Double Sun

(2020, El Paraiso Records)


text: Robin Boer

photo: Jenny Berger Myhre


The trio Kanaan is from Oslo and features Ask Vatn Strøm on electric and acoustic guitars, Ingvald André Vassbø (*) on drums, percussion and organ, and Eskild Myrvoll on bass, synths, electric and acoustic guitars. After the 2018 debut LP 'Windborne', they just released their second effort 'Double Sun' on El Paraiso Records.


The first track 'Worlds Together' starts off with nice guitar chords and a big flavour of the early seventies. We hear a very pleasant blend with organ and smooth drumming. It feels as sort of an intro, because the album really takes off with the twelve-minute 'Mountain.' A thundering beat with both the snare and an open hi-hat on the 1 give a powerful cadance, while deep bass, eclectic guitar, and dreamy synth chords are filling in with tasteful progression. We like the raw, unpolished fuzzy sound of this collective. Almost halfway the piece, the music gets more room to breathe and the musicians are adding subtle shades and colours to the now more relaxing groove. Slowly the tension builds up and we are treated with further explorations of melodies, solos and powerful drumming. What a joy!


On the start of 'Öresund' there is room for free improvisation and soon enough a new groove starts off with, again, a nice mix of different guitar sounds, bringing the music the required timbre. As on 'Mountain' the tension, power and noise increases more and more and themes and riffs come and go, until the climax at the eighth minute. 'Worlds Apart' is a shorter piece, and starts off with a fade-in. The music is fast, energetic, aggressive. It takes courage to do a full blow with a rock band in the studio, but Kanaan appears to take the challenge and delivers. The (fuzz) bass is very prominent in the mix, which really adds to the already brutal character of the music.

Grand finale

The album finishes with the title track, split in two parts. During the first part, layers of oceanic guitars are moving over a laid-back groove. After three and a half minutes, a fat, fuzzy guitar and bass riff comes in and the drumming gets more diverse, with some great breaks. For the second part, we expect a grand finale. A two-note guitar lick opens the section, with some punchy bass underneath it, and percussions fading in. A faster rhythm pops up and the piece gets some time to breathe and slowly develop. Dark and spacey synths are added. We hear some soundscape noises and filters and the bass takes over the theme for a short while, and then returning to its low territory again. Slowly new layers of guitars are appearing, moving the piece forward over a Drop E, to its final, blowing climax in the form of a guitar & bass unison doom riff. Guest musician on this final piece is Bjørn Klakegg, playing lead guitar.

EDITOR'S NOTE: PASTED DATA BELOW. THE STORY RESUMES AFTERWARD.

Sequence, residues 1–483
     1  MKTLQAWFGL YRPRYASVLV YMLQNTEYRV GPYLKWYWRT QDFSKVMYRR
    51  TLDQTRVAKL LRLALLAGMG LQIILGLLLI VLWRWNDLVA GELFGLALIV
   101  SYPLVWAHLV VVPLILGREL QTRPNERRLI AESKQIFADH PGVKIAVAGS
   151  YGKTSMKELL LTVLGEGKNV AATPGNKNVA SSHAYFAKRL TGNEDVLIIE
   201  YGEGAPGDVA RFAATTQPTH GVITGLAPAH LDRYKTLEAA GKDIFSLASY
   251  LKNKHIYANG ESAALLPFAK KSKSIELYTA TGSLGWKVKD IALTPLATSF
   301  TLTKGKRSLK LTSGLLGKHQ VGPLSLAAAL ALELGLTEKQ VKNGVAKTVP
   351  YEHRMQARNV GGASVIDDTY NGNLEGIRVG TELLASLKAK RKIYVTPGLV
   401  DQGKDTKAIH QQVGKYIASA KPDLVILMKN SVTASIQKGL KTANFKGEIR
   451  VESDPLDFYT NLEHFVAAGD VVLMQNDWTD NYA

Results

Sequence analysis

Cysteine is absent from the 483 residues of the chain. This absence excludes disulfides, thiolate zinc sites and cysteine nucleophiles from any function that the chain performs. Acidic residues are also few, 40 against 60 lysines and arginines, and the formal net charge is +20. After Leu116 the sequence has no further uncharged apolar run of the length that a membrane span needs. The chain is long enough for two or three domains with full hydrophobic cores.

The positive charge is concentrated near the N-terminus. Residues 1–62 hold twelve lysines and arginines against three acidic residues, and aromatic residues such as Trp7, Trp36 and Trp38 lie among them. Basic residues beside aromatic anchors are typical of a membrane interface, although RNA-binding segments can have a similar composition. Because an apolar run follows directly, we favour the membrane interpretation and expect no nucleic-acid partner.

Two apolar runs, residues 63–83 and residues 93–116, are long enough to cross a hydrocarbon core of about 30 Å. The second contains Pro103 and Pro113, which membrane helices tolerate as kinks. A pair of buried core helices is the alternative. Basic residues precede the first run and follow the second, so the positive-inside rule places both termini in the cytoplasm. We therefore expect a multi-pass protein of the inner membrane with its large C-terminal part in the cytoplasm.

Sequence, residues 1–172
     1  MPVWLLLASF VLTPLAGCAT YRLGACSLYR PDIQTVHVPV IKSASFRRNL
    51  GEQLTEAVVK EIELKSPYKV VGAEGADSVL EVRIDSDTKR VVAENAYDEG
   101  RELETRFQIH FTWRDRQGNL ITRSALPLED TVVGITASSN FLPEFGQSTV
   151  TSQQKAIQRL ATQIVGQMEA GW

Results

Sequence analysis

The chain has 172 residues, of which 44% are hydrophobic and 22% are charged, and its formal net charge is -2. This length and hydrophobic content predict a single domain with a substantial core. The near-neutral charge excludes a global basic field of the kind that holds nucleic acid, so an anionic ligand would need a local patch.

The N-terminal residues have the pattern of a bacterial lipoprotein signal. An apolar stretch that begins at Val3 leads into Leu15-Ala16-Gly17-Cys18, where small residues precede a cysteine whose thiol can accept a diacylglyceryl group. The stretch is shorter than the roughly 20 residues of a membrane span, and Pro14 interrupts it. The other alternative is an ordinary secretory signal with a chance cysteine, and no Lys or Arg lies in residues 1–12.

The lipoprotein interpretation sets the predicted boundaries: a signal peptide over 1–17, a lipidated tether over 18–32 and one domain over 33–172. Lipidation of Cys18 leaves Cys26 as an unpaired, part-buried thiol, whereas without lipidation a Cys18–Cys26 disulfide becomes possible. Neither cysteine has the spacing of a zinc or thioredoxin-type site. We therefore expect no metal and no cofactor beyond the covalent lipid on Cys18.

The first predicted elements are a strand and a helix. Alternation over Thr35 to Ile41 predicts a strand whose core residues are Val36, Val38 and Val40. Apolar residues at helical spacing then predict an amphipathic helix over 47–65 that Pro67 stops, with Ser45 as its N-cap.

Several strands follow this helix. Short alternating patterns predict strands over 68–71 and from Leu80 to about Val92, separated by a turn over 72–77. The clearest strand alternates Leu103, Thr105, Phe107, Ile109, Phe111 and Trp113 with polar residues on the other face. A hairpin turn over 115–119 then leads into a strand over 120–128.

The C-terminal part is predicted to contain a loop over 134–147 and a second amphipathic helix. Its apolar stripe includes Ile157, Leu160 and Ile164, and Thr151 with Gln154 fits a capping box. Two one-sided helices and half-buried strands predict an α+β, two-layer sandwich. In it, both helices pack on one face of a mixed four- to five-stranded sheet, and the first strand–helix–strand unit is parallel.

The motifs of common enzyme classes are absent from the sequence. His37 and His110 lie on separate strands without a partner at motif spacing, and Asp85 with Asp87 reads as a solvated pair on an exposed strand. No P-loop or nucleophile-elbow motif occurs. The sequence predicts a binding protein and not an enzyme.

With 'Double Sun', Kanaan's quirky blend of psychedelic rock, postrock with jazz-esque drumming comes out very well, not in the last place because of their courage to seek for tasteful blends in sound architecture on record, as if you are part of a live performance, which we recommend to all enthusiasts of adventurous music.

Keep an eye on this power trio. 'Double Sun' is worth the journey.